Together our two protagonists journeyed through countries with a high density of elephants: Sri Lanka, Nepal, Burma, Thailand … . They learned everywhere, reflected on centuries of experience, in order to eventually develop their own reform approach. Kremer: “Elephants in Europe – this goes back to the history of menageries. And that was not about respecting the animal welfare.”


Part of the all-inclusive-package of the Zoo Heidelberg: an elephantine panorama

The right atmosphere is part of the deal these days. In the greenhouse warmth of the indoor area real bananas grow. But the pachyderms love apples and turnips, too. By the way, 60 percent of the food leaves the body from the other end undamaged. Some of the apples, which were not thoroughly chewed, stay intact. 30 tons of hay are munched away every year. And thus these fellows keep well and fit. “They don’t catch a cold, thank God,” Geretschläger informs us, “the pocks, herpes, a broken tusk or a limp – all of these things are possible.”

In order to understand why such an effort is being made with these four young elephants you have to know that the development takes a different turn in the wild: The little boys grow up with mummy, aunts, sisters. In puberty they start to fight and are sent away to wander around in the wild, where they meet other young bulls and found something like rambling clubs. And this is exactly what the living community in Heidelberg simulates. The aim of it is to eventually become a cool enough guy to impress the girls of another herd. “We cooperate with many zoos in Europe. At the age of about 15 such a bull goes on his journey and then eventually starts a family of his own somewhere else.” This concept is part of the whole package of captive breeding which is necessary since the natural habitats are extremely shrinking.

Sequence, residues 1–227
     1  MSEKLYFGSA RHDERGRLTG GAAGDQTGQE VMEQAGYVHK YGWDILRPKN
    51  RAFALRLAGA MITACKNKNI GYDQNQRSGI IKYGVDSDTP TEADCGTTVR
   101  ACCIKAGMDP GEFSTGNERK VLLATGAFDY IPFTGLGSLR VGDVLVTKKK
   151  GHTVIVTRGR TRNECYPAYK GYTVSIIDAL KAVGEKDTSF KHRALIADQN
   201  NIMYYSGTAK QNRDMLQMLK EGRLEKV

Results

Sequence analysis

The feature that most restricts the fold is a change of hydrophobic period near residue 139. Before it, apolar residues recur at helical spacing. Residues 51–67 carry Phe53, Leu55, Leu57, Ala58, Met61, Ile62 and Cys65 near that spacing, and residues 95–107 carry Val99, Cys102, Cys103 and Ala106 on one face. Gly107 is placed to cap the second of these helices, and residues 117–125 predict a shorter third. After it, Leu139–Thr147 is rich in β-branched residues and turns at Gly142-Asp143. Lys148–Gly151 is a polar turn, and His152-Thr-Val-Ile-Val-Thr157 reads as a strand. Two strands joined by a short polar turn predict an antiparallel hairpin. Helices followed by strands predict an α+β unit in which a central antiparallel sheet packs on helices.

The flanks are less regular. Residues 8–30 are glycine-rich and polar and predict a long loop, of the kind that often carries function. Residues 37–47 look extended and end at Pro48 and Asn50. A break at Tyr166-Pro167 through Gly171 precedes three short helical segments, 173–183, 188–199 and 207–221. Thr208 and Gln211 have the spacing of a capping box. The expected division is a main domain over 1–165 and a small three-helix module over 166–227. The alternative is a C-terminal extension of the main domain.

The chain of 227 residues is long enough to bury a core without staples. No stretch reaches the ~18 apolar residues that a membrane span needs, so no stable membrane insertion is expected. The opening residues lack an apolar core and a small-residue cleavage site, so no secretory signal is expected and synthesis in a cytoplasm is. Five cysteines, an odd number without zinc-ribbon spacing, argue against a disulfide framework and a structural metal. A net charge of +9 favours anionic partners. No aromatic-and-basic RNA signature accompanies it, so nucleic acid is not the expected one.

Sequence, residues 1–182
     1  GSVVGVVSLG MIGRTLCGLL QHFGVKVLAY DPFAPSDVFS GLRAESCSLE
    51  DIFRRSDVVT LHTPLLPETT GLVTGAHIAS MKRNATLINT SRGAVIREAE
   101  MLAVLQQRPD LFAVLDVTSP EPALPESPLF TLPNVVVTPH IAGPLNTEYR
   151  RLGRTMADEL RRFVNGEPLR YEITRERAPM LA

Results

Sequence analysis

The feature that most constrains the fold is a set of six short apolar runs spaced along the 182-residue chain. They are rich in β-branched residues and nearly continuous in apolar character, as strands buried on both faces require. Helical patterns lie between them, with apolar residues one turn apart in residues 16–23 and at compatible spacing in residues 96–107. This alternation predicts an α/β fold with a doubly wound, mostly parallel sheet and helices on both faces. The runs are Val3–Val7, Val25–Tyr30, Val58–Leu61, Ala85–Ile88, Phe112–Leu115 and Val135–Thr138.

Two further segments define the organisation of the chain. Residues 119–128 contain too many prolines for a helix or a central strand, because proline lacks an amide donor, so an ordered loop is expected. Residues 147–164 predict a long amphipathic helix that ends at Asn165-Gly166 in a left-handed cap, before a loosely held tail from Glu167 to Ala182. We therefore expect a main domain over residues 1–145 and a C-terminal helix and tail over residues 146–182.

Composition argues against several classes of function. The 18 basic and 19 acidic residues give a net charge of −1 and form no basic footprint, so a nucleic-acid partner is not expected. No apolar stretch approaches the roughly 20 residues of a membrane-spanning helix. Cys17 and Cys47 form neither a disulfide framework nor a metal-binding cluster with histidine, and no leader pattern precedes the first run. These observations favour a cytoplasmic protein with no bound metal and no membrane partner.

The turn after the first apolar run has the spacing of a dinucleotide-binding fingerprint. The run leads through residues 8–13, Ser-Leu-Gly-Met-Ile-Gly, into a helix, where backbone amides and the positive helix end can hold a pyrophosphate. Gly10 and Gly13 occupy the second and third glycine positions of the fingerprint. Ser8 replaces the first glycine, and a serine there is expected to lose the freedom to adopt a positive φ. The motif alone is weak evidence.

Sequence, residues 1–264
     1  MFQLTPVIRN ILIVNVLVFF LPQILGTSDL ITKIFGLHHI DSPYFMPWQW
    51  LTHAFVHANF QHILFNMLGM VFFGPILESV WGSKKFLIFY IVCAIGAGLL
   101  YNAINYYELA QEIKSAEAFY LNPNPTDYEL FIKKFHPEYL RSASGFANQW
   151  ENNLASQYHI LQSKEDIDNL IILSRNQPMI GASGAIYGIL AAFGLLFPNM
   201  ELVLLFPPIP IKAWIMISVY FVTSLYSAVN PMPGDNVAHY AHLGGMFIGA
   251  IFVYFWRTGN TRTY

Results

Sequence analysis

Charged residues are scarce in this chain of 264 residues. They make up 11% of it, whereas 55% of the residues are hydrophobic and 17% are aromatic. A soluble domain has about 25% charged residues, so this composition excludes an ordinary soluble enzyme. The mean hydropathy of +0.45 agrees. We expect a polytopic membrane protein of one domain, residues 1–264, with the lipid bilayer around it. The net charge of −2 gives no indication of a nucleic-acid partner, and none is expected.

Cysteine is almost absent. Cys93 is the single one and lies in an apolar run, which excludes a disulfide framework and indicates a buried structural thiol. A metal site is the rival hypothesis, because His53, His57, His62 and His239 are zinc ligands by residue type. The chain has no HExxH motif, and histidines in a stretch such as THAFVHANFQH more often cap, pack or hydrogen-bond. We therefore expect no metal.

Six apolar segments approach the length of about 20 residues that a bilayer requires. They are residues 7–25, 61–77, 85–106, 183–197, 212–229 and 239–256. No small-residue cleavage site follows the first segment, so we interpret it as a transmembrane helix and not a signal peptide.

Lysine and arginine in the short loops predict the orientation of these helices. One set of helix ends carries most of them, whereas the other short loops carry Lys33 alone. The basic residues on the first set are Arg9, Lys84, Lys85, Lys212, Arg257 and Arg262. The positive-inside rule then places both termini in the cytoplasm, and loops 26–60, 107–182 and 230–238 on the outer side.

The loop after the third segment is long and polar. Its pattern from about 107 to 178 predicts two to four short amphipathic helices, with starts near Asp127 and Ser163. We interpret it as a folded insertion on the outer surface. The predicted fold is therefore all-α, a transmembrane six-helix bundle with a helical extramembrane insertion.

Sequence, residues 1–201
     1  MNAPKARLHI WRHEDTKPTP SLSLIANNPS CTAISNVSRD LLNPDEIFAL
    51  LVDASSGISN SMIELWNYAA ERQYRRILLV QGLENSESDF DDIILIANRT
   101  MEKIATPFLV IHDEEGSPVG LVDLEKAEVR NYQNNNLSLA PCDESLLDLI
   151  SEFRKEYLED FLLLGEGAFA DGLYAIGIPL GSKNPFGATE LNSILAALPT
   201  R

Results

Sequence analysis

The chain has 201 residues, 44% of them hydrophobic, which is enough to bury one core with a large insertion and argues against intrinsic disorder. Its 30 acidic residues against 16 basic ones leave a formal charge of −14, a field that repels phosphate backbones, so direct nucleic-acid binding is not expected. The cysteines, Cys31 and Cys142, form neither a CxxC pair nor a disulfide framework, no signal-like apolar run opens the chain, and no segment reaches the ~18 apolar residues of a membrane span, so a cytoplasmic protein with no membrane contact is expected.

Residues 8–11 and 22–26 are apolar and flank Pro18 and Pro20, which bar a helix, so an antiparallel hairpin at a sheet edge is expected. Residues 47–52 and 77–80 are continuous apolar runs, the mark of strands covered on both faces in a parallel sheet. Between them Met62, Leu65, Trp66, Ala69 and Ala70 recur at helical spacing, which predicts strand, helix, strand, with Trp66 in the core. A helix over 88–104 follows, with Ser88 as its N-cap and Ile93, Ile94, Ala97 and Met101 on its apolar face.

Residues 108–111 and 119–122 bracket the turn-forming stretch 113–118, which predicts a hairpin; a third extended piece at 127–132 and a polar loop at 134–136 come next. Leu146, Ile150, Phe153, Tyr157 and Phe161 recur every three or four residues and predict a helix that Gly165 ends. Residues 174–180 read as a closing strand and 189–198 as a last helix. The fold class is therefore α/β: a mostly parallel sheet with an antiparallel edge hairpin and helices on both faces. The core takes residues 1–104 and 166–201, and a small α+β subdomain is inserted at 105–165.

Until they move out, Ludwig, Yadanar, Tarak and Gandhi still have enough time to enjoy Heidelberg with all their senses. Their living community should make even skeptics happy who otherwise do not especially like zoos. And when you observe the two keepers carrying out their work, you would really love to cast them for an adventure film where they would save elephants, catch poachers and capture the hearts of the female audience – they could surely do all that.